“I didn’t want to use the L-word at that point,” Trent said.

“But then yesterday, I discovered that Mr. Robert Libman has decided to put his toe in the water to see the temperature with regard to running again as the mayor of Côte St-Luc.

And I thought it was important that I give some context to this rather strange desire on the part of Mr. Libman to come back.”

Trent said that during 2002 and 2004, he led the de-merger movement.

“And my comrades in arms were Anthony Housefather and Mitch.”

Trent placed his hand on Brownstein’s shoulder as he spoke.

“I have seen them fight for their city which I think is important that potential electors realize,” Trent said.

Trent explained that five weeks before the 2001 election, Libman thought the mega-city would be a “bureaucratic monster” and that Libman was “completely against it”.

But, Trent said, then he changed his mind.

“From then on, he became the biggest cheerleader for the mega city, to the point that when we managed to pull a rabbit out of the hat and have a chance at de-merging, he actually argued against de-merging,” Kent said.

According to Trent, the de-merger is the most important thing to happen to Côte St-Luc.

“You can judge a person’s character on how they behave during a tough time,” Kent said.

Trent added that Brownstein has the capacity to “do the right thing when times are tough” and that history has proven that Brownstein can stay the course and fulfils his promises.

Housefather said that you can tell a lot about a man from what he does when the chips are down, and told a story about how Brownstein lifted him – and others – up.

Housefather reminded the crowd about how difficult it was to bring the de-merger to life back then.

“There was not an incentive from the government for us to de-merge,” Housefather said. “They put a process in place that was exceptionally difficult.”

He explained that at the time the symbol used to support the concept of a de-merger was a blue ribbon and told a story about how, one weekend, they all went out and put up blue ribbons on both public property, and the private property of those who requested it, across the city.

He said he was shocked and discouraged when he heard that then-mayor, Libman, was on the news opposing the ribbons and had Public Works crews out taking down all their blue ribbons.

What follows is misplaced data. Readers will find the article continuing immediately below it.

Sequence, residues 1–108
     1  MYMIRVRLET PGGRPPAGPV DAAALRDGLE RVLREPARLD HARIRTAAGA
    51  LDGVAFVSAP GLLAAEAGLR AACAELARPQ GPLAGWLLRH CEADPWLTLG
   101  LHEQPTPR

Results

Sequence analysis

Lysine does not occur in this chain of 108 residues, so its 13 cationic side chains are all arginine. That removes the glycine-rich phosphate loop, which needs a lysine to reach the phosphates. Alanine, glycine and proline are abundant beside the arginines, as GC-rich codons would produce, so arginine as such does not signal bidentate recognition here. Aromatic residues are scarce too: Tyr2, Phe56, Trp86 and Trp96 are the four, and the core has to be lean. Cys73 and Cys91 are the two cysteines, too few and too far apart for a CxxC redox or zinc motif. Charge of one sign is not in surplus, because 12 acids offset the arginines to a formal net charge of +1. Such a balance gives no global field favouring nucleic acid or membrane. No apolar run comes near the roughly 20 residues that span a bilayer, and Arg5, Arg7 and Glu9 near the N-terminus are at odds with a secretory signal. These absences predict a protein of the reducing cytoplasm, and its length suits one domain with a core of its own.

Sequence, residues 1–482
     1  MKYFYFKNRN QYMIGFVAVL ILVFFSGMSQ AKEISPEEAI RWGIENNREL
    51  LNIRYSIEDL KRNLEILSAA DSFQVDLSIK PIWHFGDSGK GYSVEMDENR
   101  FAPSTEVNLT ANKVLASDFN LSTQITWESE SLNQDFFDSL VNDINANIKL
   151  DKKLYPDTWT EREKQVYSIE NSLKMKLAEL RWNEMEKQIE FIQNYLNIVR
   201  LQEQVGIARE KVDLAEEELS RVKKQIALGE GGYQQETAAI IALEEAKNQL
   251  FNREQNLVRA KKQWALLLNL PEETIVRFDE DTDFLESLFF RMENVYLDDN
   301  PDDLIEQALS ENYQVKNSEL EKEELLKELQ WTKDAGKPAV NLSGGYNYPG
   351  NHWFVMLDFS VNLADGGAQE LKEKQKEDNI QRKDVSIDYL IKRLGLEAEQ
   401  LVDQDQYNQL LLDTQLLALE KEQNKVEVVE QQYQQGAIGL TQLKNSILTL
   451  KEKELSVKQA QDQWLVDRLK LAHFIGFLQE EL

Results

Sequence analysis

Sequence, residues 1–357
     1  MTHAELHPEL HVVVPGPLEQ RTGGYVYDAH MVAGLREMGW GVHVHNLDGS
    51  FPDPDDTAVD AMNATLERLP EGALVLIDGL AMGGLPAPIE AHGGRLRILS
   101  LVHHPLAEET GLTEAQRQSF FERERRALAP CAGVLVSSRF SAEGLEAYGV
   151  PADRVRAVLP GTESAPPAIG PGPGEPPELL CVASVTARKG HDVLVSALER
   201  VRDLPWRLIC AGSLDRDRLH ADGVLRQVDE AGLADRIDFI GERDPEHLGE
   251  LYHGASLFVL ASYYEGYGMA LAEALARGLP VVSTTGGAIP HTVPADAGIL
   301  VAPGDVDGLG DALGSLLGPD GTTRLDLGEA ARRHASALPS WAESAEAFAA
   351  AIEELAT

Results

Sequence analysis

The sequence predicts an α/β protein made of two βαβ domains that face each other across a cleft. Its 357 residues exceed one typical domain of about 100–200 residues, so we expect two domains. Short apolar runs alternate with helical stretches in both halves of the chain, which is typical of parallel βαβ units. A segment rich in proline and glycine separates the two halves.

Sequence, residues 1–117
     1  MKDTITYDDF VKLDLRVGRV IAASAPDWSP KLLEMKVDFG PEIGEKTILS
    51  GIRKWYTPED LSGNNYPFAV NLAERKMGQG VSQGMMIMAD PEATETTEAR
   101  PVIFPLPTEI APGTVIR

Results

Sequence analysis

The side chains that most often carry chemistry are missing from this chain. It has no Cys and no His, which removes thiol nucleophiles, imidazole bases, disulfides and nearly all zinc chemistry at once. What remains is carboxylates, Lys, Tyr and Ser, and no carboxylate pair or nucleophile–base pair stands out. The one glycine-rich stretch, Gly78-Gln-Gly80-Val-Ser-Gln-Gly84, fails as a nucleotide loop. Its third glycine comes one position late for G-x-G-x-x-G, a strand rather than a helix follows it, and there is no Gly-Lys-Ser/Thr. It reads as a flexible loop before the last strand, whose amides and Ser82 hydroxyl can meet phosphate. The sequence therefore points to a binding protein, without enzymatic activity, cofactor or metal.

This year, his first year as mayor, they ran a surplus of over a million dollars, he says, but with the Association of Suburban Mayors, they were able to negotiate a deal with Montreal where the city of Côte St-Luc will be paying $2.4 million less, phased in over three years, in order to support island-wide services.

“That is really who I want to be as mayor,” Brownstein said at the press conference when it was his time to speak.

“Someone who could create consensus, who can work together for what the people want.”

© 2017 Global News, a division of Corus Entertainment Inc.

Who can that be knocking at my door?

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Some would say it’s out of the ordinary to have an impromptu visit from a politician outside of an election period. That wouldn’t be an accurate statement in Cote Saint-Luc where Mayor Mitchell Brownstein and some members of Council have been known to go door to door in the off season to stay in close contact with constituents. I have done so each year since the last election. Others do their best to reach out with newsletters, press releases, blogs and social media. That has been my routine as any reader of Nashen Notes can attest. And yet others will attend community events throughout the year, That’s certainly true of every CSL Council member.

Mayor Mitchell Brownstein, Mount Royal MP Anthony Housefather and Councillor Glenn J. Nashen along Parkhaven Avenue, Apr. 30, 2017

But what is truly unusual is to get a Sunday afternoon, springtime knock at the door by your Mayor and City Councillor and Member of Parliament. All at the same time. Such was the case this past weekend as Mayor Mitchell Brownstein, Mount Royal MP Anthony Housefather and I teamed up to visit residents on Parkhaven Avenue.

Cllr. Nashen, Mayor Brownstein and MP Housefather popping in on Michael Abenhaim, Erika Ungar and family, Apr. 30, 2017

Some were shocked, most pleasantly surprised, at the opportunity to have almost all of their elected officials popping by to ask if they had concerns to share, feedback on federal legislation or comments on local issues. In particular we had the chance to meet with some of CSL’s newest residents in Parkhaven Courtyard, the new development at the corner of Kildare. We met folks who had come here from many countries, including Cameroon, and had chosen Cote Saint-Luc as their ultimate destination.

Mayor Brownstein, MP Housefather and Cllr. Nashen along with resident Nathalie Serrero

It was a great experience for all of us and we look forward to knocking on your door some day soon. In the meantime you can stay in touch with all of us anytime on Facebook or by email or by calling us. You never know who could be knocking on your door.

Mimouna night in CSL

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Joe and Dolly Gabbay open their Cote Saint-Luc home, and sweet table, to friends and neighbours to celebrate the Minouna, April 18, 2017

Mimouna is a three century old North African Jewish celebration held the day after Passover, marking the return to eating chametz (leavened foods), which are forbidden throughout the week of Passover.